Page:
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The Alphabet division that operates Google Fiber is laying off or reassigning about 9% of its staff as well as putting expansion plans to provide fibre internet in several US cities on ice.
Google Fiber chief Craig Barratt is also stepping down from his post and will remain only as an advisor. The changes were announced in a blog post by Barratt.
“For most of our ‘potential Fibre cities’ – those where we’ve been in exploratory discussions – we’re going to pause our operations and offices while we refine our approaches. In this handful of cities that are still in an exploratory stage, and in certain related areas of our supporting operations, we’ll be reducing our employee base,” he wrote in the blog post.
Although the blog post did not confirm the number of job cuts, a source familiar with the company’s plans confirmed with Ars Technica that 9% of the Alphabet “access” division that operates Google Fiber will have their roles eliminated.
Twitter announced on Thursday it would slash 9% of its workforce, or about 350 jobs. The job cuts will come mainly from sales, partnerships and the marketing organisation, The Wall Street Journal reports.
The cost-cutting moves, which include shutting down its Vine video app, come as Twitter reported dwindling revenue growth for the third quarter and another loss over US$100 million. Revenue rose just 8.2% compared with the more than 50% growth in the year-ago quarter.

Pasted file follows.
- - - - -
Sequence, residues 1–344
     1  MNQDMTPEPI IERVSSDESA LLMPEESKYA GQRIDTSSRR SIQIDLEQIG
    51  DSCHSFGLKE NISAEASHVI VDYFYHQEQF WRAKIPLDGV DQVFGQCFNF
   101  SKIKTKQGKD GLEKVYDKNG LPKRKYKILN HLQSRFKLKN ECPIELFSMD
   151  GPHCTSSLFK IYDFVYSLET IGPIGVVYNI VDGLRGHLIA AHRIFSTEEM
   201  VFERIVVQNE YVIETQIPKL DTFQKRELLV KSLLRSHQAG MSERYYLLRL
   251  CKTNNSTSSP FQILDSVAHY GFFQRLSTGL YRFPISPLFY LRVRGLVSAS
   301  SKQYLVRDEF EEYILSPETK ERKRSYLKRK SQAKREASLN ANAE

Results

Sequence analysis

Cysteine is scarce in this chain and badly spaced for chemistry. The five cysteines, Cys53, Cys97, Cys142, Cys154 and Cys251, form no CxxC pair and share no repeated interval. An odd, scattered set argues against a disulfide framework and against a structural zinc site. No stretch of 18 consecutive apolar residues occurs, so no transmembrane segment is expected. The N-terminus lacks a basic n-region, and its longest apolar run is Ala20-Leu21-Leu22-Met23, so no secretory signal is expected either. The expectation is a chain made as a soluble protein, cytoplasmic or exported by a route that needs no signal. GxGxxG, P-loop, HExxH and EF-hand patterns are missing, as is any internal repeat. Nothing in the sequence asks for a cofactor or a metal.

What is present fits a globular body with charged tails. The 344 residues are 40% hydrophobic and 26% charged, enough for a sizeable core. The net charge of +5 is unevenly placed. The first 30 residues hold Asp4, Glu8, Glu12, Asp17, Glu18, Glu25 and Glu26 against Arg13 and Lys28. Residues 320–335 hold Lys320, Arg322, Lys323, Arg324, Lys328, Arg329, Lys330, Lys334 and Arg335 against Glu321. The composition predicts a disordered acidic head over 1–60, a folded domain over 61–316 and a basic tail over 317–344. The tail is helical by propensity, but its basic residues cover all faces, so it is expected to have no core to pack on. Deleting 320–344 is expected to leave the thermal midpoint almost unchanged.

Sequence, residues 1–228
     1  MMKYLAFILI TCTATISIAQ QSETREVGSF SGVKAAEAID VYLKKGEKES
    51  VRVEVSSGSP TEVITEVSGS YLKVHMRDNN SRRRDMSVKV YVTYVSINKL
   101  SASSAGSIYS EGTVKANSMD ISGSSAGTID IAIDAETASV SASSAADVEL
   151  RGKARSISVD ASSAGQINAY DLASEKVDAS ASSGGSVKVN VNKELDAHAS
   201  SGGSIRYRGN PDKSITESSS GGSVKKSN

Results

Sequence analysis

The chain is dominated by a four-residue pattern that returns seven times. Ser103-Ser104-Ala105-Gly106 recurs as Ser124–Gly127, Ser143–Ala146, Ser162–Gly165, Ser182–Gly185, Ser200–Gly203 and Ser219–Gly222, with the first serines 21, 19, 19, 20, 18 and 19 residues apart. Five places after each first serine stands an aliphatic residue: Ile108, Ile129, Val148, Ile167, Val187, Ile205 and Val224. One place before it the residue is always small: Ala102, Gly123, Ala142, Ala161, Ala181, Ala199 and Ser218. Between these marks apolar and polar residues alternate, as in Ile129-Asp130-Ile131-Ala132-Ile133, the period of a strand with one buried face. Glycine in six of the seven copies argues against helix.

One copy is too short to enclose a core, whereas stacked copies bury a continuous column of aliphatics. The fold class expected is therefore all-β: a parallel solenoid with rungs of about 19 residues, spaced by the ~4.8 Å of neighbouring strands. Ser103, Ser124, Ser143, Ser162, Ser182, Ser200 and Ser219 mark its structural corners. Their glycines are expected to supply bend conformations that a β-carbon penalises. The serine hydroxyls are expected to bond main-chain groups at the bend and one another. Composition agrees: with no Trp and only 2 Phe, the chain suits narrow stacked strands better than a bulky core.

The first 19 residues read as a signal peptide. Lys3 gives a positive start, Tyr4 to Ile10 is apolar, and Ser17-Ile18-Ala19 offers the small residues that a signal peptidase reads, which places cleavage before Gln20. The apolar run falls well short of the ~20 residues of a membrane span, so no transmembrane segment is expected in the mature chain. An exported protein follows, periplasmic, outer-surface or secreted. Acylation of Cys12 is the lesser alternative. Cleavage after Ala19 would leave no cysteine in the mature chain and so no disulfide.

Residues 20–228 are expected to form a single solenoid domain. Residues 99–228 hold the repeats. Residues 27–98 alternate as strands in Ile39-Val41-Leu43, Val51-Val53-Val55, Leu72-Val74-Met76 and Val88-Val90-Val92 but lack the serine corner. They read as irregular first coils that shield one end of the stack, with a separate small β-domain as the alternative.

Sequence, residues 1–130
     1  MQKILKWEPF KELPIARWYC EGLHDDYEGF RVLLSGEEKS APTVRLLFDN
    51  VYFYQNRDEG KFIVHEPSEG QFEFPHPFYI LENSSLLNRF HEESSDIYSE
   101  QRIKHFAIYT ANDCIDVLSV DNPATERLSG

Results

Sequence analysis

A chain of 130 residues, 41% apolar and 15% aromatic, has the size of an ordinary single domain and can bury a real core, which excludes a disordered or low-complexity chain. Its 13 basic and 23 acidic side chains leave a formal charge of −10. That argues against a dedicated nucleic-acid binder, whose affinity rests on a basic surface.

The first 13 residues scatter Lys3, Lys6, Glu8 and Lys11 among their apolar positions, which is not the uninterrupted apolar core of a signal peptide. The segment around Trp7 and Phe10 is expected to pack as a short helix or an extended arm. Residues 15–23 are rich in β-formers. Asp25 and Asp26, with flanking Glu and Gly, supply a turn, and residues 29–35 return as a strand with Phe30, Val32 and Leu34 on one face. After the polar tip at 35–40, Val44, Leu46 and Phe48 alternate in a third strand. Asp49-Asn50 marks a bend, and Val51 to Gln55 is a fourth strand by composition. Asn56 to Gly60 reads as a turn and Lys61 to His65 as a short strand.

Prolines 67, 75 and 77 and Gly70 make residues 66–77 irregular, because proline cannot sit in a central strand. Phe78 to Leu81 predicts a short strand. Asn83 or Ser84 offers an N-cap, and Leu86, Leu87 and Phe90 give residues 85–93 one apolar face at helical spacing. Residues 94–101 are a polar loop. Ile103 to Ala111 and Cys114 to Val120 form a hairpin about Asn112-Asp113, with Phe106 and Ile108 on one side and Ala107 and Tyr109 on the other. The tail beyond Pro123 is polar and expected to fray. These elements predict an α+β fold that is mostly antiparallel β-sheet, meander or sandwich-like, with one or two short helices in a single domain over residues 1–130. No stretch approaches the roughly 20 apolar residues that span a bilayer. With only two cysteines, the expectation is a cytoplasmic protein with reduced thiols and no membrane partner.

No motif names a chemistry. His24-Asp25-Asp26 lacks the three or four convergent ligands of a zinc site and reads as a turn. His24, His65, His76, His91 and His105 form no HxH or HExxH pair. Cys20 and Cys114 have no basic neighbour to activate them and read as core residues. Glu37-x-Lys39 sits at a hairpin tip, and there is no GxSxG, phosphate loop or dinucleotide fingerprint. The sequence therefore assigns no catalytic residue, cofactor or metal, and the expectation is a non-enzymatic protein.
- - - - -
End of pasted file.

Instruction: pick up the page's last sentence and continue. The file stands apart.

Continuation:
In addition to the company’s gloomy outlook, chief executive Jack Dorsey and board members of Twitter recently had a lawsuit filed against them by a share holder over the inflated share price. The complaint, filed in a California federal court by shareholder Jim Porter, accused Dorsey and other executives of concealing facts about Twitter’s slow user growth, and selling their personal stock holdings “for hundreds of millions of dollars in insider profits”.
Porter is seeking to force Dorsey and others, including former CEO Dick Costolo and founder and board member, Evan Williams, to repay profits they have made since February 2015, and to shake up the board and impose new financial controls.
Meanwhile, Goldman Sachs announced on Monday it would cut 20 employees in its New York office, extending the bank’s deepest personnel cuts since the financial crisis, The New York Post reports.
Observers pointed out that Goldman Sachs had disclosed to New York state regulators seven different instances of job cuts this year, while laying off 443 people.
New York state law requires companies file a notice with the state when they cut jobs, and if those job cuts total 250 or more, they have to notify the state of “mass layoffs”.
By letting people go by the dozens, like Goldman Sachs has done, rather than the hundreds, keeps it from having to notify regulators of “mass layoffs”.
It is worth noting Goldman Sachs has shed the highest number of employees this year since 2008, when it laid off 900 people.
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